Wine Enthusiast just released its list of top wine travel destinations for 2014, and while places like Mendoza, Sonoma and the Barossa Valley may come as little surprise, here’s one that might: Texas Hill Country.

Yes. We’re talking about that Texas, the hot, dry Lone Star State that’s better known for its cowboys and cattle ranches. Of course, some say those elements only add to its charm.

“Visitors may flock to Hill Country to sip wine, but they end up drinking in the romance of the Old West, too,” Wine Enthusiast’s Alexis Korman noted. Texas Hill Country is “still a sea of cowboy hats and pickup trucks,” she added, but it’s also “a place where you can sip award-winning wines in a landscape dotted with as many cacti as vines.”

For many local residents, the honor from Wine Enthusiast came as less of a shock. “It’s about time,” Wes Marshall wrote in The Austin Chronicle. “Those of us who follow Texas wines have known all along that some great wine is being made around the Hill Country … and it is wonderful to finally see our hardworking winemakers and grape growers get their proper respect from this internationally respected publication.”

Hill Country is a place with strong German roots, but soaring summer temperatures make the climate more suitable to bold French and Spanish reds. Tempranillo, the world’s fastest growing grape varietal, has shown a particular liking to the region, while Wine Enthusiast singled out Syrah, Petite Sirah and Tannat as other big, hearty reds to try.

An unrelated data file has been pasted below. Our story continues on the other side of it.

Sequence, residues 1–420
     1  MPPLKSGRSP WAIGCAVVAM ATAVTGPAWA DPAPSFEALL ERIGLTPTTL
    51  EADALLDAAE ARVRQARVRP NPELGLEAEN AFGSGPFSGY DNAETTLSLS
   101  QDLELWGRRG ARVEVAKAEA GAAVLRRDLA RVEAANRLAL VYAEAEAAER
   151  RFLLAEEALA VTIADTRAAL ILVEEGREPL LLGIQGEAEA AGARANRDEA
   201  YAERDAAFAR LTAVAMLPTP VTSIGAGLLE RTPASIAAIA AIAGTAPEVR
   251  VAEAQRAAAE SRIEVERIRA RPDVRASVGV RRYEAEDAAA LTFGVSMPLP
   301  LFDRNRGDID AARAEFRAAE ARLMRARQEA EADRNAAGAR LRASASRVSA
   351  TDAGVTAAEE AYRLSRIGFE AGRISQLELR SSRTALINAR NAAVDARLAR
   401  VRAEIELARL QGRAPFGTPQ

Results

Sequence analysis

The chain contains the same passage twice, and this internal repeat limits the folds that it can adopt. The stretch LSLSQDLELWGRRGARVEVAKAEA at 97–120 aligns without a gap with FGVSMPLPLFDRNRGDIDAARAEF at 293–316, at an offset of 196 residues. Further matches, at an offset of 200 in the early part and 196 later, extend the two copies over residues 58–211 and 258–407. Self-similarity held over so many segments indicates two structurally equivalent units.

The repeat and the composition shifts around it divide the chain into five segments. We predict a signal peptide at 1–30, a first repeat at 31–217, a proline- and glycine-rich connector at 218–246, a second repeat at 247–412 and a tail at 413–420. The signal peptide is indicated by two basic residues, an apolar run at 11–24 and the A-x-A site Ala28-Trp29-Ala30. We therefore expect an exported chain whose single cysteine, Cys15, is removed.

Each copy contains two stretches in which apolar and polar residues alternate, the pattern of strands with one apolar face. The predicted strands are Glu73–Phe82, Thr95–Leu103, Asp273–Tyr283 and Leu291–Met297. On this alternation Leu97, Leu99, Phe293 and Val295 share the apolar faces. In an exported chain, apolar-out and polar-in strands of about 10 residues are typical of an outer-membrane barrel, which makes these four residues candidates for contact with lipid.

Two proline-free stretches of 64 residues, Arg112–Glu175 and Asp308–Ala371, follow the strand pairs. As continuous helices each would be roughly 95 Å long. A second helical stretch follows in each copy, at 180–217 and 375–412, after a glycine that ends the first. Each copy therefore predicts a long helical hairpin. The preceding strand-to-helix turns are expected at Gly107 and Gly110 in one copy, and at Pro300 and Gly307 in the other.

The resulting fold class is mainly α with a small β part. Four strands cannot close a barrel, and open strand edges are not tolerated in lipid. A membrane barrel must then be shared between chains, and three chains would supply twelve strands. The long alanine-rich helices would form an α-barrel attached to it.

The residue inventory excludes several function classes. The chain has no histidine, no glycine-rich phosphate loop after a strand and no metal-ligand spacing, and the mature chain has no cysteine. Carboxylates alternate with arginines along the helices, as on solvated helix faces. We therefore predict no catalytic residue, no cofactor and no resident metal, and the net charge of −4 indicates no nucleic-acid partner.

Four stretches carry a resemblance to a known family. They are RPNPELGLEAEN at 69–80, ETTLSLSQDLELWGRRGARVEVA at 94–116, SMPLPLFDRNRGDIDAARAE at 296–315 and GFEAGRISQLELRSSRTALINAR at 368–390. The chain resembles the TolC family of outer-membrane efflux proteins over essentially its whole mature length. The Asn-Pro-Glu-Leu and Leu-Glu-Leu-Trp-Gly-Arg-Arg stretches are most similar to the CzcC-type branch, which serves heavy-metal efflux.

From 46 wineries and nearly 600,000 cases in 2001 to more than 220 wineries and 1.2 million cases in 2011, Texas has, naturally, taken a go-big-or-go-home approach to viticulture. In fact, Hill Country is the second-largest American Viticulture Area, and there are three-dozen wineries within a 25-mile radius of the regional hub of Fredericksburg, about 90 minutes west of Austin.

“Many people don’t realize that Texas is the fifth-largest wine producing state in the United States,” Texas Tourism Director Brad Smyth said in an email, adding that he “couldn’t be more excited” that Wine Enthusiast had recognized Hill Country as a best wine travel destination this year.

“Texas’ unique assortment of wines is sure to please the most discerning wine lovers,” he added. “We welcome the opportunity to show visitors from near and far the best that the Lone Star State has to offer in 2014.”

South of the border in Mexico, Baja California was, perhaps, an even bigger surprise on Wine Enthusiast’s list of destinations for 2014. Executive Editor Susan Kostrzewa explained that the goal of this year’s roundup was to “represents the best -- and in some cases still unknown -- places in which to marry a love of wine, food and culture right now."

Wine Enthusiast noted that Baja’s Valle de Guadalupe, less than two hours south of San Diego, had “moved past its Tequila-and-Tecate roots” to embrace wine with its very own Ruta del Vino. The magazine’s editors said the region’s red wines tend to be full-bodied and high in alcohol with “lusty black-fruit flavors and an occasional blast of heat and saltiness derived from the saline-rich water used for irrigation.”

Other lesser-known regions that made Wine Enthusiast’s list include the Aegean Islands of Greece, the Languedoc-Roussillon region of France and Baden, Germany. Scroll through the slideshow above for a look at all 10 of the destinations where you can rediscover your love of wine in 2014.